Beneath the national pride and shame are some telling indicators and important trends
Dec 03, 2013
In her new book, Margaret MacMillan sees danger in forces that consider themselves autonomous from civil leaders
Nov 30, 2013
On the surface, hardly anything changes. But for the United States, Israel and the West, it changes a menacing confrontation into a semi-normal relationship with some real opportunities for change
Nov 25, 2013
Abroad, ‘pro-immigrant’ conservatives hope to emulate Stephen Harper’s success
Nov 23, 2013
‘Easier to live in Berlin’? Perhaps, though not farther east
Nov 16, 2013
Our way of talking about soldiers has changed – we need to recognize their pain
Nov 09, 2013
If migrants can pay our taxes and change our way of life with food, why can’t they vote?
Nov 02, 2013
No wonder our political parties are rushing to embrace pot – it’s a rare global entrepreneurial success story
Oct 26, 2013
Either way, Canada’s treatment of First Nations is a source of shame. Fixation on the ‘G’ word can stand in the way of reconciliation
Oct 19, 2013
Unlimited communication has changed security, media and statecraft. Our farewells are no longer good etiquette, but calculated provocations
Oct 12, 2013
Doug Saunders is the Globe and Mail's international-affairs columnist
Doug Saunders writes the Globe and Mail's international-affairs column, and also serves as the paper's online opinion and debate editor. He has been a writer with the Globe since 1995, and has extensive experience as a foreign correspondent, having run the Globe's foreign bureaus in Los Angeles and London.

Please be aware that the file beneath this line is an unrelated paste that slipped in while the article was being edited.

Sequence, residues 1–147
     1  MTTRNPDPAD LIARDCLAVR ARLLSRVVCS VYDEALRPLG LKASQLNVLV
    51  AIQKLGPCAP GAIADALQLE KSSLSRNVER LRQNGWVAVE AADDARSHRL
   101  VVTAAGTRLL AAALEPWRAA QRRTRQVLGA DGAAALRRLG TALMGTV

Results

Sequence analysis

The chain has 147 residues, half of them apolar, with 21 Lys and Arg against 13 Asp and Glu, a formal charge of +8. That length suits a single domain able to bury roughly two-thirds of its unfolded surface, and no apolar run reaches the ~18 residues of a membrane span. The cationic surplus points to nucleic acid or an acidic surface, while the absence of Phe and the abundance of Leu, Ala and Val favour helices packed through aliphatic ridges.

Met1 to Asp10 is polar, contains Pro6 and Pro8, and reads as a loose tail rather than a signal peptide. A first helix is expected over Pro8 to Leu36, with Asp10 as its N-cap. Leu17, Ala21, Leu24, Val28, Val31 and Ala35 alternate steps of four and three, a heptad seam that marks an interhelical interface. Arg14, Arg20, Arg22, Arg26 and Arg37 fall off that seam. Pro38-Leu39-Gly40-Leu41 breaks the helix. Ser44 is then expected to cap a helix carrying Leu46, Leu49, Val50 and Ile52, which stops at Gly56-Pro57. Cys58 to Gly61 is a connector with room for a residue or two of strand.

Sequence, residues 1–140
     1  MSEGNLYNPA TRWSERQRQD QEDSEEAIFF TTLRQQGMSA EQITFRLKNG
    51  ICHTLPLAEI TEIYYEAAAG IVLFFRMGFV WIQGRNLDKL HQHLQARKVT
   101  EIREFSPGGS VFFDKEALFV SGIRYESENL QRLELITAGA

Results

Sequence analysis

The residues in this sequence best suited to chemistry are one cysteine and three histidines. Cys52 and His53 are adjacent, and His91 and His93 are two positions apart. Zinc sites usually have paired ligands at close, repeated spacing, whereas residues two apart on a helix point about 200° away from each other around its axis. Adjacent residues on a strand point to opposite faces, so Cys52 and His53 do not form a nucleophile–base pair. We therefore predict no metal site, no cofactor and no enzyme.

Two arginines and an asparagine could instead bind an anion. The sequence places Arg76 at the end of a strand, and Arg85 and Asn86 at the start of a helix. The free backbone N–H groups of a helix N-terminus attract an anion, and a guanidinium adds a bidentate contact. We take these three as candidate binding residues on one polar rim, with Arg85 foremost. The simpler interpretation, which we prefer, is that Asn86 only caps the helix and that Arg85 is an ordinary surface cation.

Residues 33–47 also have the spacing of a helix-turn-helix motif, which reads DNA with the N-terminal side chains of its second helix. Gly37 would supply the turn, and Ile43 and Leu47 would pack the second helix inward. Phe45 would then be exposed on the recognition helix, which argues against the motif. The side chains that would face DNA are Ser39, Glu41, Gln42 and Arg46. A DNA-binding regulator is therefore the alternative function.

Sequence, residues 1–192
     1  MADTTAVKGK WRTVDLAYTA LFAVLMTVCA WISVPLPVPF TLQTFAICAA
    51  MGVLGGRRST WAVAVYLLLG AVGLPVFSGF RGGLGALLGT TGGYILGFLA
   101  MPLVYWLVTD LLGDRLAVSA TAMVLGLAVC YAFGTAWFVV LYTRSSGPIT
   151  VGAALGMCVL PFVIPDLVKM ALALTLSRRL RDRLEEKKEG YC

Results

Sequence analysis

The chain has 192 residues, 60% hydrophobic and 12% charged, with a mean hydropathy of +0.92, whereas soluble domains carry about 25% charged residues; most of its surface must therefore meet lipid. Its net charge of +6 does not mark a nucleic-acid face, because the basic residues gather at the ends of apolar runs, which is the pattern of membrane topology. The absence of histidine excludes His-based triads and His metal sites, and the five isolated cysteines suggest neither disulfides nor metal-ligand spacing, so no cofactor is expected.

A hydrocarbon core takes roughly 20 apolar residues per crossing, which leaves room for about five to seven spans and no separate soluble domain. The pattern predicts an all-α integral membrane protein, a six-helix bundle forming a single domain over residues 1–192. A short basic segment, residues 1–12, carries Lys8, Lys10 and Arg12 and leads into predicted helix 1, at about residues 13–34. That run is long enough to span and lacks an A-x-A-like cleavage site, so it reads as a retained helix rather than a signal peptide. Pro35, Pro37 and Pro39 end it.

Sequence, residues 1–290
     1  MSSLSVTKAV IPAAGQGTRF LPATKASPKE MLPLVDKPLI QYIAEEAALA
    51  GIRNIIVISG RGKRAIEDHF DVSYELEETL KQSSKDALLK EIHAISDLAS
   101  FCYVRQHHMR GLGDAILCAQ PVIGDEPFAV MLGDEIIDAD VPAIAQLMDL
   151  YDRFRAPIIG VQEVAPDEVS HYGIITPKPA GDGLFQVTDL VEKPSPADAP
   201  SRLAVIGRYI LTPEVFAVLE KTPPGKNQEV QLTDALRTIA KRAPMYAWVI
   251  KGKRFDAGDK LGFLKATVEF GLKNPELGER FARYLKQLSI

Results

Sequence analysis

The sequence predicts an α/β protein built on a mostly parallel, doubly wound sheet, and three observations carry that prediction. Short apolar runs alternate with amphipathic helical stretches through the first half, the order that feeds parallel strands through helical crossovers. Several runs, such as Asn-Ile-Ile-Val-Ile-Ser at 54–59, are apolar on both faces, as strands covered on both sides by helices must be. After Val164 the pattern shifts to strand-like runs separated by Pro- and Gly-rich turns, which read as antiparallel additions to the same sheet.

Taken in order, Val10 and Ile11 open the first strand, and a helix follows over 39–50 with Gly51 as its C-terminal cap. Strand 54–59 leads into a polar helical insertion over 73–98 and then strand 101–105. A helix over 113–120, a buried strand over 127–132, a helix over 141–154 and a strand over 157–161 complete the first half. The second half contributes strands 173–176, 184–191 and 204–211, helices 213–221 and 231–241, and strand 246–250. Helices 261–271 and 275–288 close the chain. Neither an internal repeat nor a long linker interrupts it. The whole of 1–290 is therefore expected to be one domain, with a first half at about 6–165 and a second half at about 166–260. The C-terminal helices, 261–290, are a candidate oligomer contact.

He was born in Hamilton, Ontario, and educated in Toronto. After early success in magazines and journalistic research, he first worked for the Globe and Mail as a general news reporter, then as an editorial writer and feature writer. In 1996, he joined the weekend section where he created a specialized writing position on media, culture, advertising and popular phenomena. In 1999, he became the paper's Los Angeles bureau reporter, covering both social and political stories in the American west and the broader developments in wider U.S. society. From 2003 until 2012, he was the paper's London-based European bureau chief, responsible for the paper's coverage of more than 40 countries. He has also done extensive reporting in the Middle East, North Africa, the Indian Subcontinent and East Asia.
He has won the National Newspaper Award, the Canadian counterpart to the Pulitzer Prize, on five occasions, including an unprecedented three consecutive awards for critical writing in 1998-2000, and awards honouring him as Canada’s best columnist in 2006 and 2013. He has also won the Stanley McDowell Prize for writing and has been shortlisted for a National Magazine Award.
He has published two books. His first, Arrival City (2010) chronicled the unprecedented wave of rural-to-urban migration and the rise of urban immigrant enclaves, using firsthand reporting on five continents. It has been published in eight languages and has won numerous honours, including the Donner Prize for best book on politics and a runner-up for the Gelber Prize for the world's best international-affairs book. His second, The Myth of the Muslim Tide (2012), examined the effects of immigration from Islamic countries to the West and has been published to acclaim in Canada, the United States and Germany.